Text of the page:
Distribution centre operations are very similar to those of warehouses since both take place in large storage facilities. However, distribution centres are an advanced evolution of warehouses, which brings about significant differences in their management. Managers who’re used to the traditional merchandise distribution model in warehouses often have a difficult time adjusting to the more contemporary and high-velocity order fulfilment model associated with distribution centres.
In order to optimize productivity and efficiency in distribution centres, managers need to leverage the latest organizational and technical upgrades, such as warehouse execution systems (WES) to streamline their operations. For instance, WES gather data from different warehouse operations to allow for central, automated tracking of key operating parameters, which makes it easier to identify trends and anomalies. This, in turn, facilitates proper planning with timely inventory and workforce adjustments before issues arise, resulting in smooth product flow and massive time and labour cost savings.
Here are the essentials of distribution centre management to help improve efficiency and overall performance:
There are numerous new technologies designed to facilitate processes at different stages of the logistics and supply chain. For instance, Warehouse Execution Systems (WES) are designed to go beyond the typical functions in a Warehouse Management System (WMS), allowing you to:
In addition, WES allow you to automate picking processes, like through the use of robotics to improve order fulfilment process. WES can also be used to enhance other processes, such as automated zone skipping, ship management, and sort management.
Other ways to integrate different technologies in logistics centre management include:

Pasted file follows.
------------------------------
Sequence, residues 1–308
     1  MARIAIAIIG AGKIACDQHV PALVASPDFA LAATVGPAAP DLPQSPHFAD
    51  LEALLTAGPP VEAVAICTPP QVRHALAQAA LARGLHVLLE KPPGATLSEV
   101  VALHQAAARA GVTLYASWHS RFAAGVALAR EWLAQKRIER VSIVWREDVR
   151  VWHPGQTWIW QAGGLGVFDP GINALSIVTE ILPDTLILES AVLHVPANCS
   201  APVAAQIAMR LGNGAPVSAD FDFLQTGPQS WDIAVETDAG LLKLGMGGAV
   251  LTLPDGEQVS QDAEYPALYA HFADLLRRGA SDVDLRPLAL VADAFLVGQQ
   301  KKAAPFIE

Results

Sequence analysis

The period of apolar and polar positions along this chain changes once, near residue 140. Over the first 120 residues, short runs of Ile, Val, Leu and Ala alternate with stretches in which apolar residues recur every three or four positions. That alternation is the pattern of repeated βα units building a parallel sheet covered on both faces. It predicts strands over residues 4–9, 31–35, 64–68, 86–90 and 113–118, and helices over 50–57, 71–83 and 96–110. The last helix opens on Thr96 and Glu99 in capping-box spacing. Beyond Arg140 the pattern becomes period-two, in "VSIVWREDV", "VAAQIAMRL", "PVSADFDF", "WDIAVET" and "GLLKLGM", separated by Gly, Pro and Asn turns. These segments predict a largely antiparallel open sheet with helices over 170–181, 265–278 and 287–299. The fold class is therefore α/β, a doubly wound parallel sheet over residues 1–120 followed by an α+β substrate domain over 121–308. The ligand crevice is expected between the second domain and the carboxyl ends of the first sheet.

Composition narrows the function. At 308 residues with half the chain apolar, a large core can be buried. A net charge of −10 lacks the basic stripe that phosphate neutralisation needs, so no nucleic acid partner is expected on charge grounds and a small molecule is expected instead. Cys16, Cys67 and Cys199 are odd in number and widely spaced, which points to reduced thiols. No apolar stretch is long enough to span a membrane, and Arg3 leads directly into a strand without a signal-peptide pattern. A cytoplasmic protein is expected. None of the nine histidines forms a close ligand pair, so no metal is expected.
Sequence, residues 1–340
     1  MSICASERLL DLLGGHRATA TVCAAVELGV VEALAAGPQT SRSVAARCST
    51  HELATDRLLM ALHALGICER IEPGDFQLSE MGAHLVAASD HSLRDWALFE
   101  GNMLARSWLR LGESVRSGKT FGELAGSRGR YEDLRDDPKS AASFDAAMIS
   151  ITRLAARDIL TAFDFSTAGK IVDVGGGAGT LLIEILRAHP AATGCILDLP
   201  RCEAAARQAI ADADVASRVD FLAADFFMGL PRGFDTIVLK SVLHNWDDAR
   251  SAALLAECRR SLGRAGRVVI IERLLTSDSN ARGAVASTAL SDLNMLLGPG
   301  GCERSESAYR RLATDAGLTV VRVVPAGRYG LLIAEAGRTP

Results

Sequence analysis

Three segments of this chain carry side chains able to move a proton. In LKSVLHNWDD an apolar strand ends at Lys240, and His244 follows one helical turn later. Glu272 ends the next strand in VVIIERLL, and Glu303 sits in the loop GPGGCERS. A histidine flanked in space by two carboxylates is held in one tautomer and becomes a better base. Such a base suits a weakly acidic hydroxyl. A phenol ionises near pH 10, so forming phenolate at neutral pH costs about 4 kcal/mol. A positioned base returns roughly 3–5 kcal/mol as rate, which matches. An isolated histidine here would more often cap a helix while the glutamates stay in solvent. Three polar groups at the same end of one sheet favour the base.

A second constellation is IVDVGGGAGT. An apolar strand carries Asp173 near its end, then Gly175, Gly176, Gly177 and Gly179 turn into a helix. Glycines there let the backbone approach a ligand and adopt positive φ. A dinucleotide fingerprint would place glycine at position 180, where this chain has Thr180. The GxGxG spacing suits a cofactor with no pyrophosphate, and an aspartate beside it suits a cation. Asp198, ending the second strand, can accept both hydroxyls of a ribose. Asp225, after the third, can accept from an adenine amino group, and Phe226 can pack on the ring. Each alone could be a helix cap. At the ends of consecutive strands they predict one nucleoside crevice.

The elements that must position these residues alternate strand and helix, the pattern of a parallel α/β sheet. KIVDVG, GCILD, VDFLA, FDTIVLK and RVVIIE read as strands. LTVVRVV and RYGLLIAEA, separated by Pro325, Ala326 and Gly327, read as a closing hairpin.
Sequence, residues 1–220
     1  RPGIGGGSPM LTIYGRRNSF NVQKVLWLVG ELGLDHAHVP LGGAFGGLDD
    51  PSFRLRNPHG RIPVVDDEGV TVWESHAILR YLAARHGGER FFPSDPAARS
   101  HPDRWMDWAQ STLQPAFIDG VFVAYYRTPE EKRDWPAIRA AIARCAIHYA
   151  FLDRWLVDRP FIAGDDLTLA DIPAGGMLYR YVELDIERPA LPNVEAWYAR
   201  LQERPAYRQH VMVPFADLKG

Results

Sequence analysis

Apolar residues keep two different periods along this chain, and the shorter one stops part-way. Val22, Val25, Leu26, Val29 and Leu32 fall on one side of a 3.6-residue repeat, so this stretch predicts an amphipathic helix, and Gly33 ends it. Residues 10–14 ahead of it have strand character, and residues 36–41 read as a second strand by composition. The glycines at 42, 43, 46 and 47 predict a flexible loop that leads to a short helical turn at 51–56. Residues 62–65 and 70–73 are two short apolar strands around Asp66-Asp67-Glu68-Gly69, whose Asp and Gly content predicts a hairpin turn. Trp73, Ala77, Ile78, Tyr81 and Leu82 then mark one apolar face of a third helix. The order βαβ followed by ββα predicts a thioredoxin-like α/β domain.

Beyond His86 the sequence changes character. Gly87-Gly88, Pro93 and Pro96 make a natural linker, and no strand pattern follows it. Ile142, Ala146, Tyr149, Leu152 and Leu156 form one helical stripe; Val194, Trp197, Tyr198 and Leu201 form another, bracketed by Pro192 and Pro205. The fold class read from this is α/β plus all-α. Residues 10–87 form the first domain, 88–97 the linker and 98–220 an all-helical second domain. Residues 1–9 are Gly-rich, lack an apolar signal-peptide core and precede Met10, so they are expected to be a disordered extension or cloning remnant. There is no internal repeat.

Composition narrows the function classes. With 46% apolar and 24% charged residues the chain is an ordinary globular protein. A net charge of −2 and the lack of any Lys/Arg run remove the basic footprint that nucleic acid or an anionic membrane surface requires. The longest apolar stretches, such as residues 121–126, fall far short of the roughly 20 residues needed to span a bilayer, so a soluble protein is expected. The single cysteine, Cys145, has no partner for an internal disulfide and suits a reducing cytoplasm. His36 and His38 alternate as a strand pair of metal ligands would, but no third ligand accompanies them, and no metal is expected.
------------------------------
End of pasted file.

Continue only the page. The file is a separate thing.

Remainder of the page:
Personnel requirements are constantly changing in the different warehouse functions, and balancing labour, space, and inventory requires real-time access to vital data such as the available resources, where it’s needed, and how much is needed for what duration.
WES software can be used to display current performance information based on the work type and end-user, revealing areas where the workflow is either accelerating or hanging up for better process regulation and optimization. Further workflow analysis can be used to determine the most appropriate mix of resources for optimal workflow in the entire distribution centre.
With predictive analytics integrated into a warehouse execution system (WES), it is possible to analyze data from the different functions and make informed and timely decisions. Predictive analytics is designed to evaluate key performance indicators (KPIs) and results from different WES pieces, including the enterprise resource planning (ERP), warehouse control system (WCS), and the warehouse management system (WMS) to produce actionable data.
For instance, a labour forecast for one section of the distribution centre may reveal how much has been done and what is remaining, making it possible to predict potential problems in the areas with pending work or projects and limited time to complete it. By providing information from disparate systems, the WES helps with analysis that can be used to check workflow and identify the root cause of issues.
Space is a finite resource in any warehouse, which is why it should be properly managed to balanced for optimal performance. Common strategies include:
WES can be used to help coordinate different departments in real-time to balance space needs. For instance, batch-picking functions involving an automated storage and retrieval system (ASRS) require buffer space for receiving the order upon arrival. If the needed space is not available when the order arrives, the entire process would stop entirely. But with data analysis, you can identify space wastage or overcommitment and increase the buffer capacity to maintain workflow.
Even with technologies and streamlined internal operations, your business may still face inefficiencies if your business partners, including vendors and 3PL warehouse and distribution providers, are not held accountable using vendor compliance programs.
In addition, integrating product identification and tracking processes in the entire distribution channel will provide visibility and seamless product flow. Similarly, using standard product case quantities and clear and specific labelling requirements for all shipments and individual items can also improve the efficiency of distribution centres.
Generally, the objective should be to provide small efficiency improvements that, when combined, have a huge effect on the bottom line: improved transportation times, reduced product handling, streamlined warehouse operations, and improved customer satisfaction.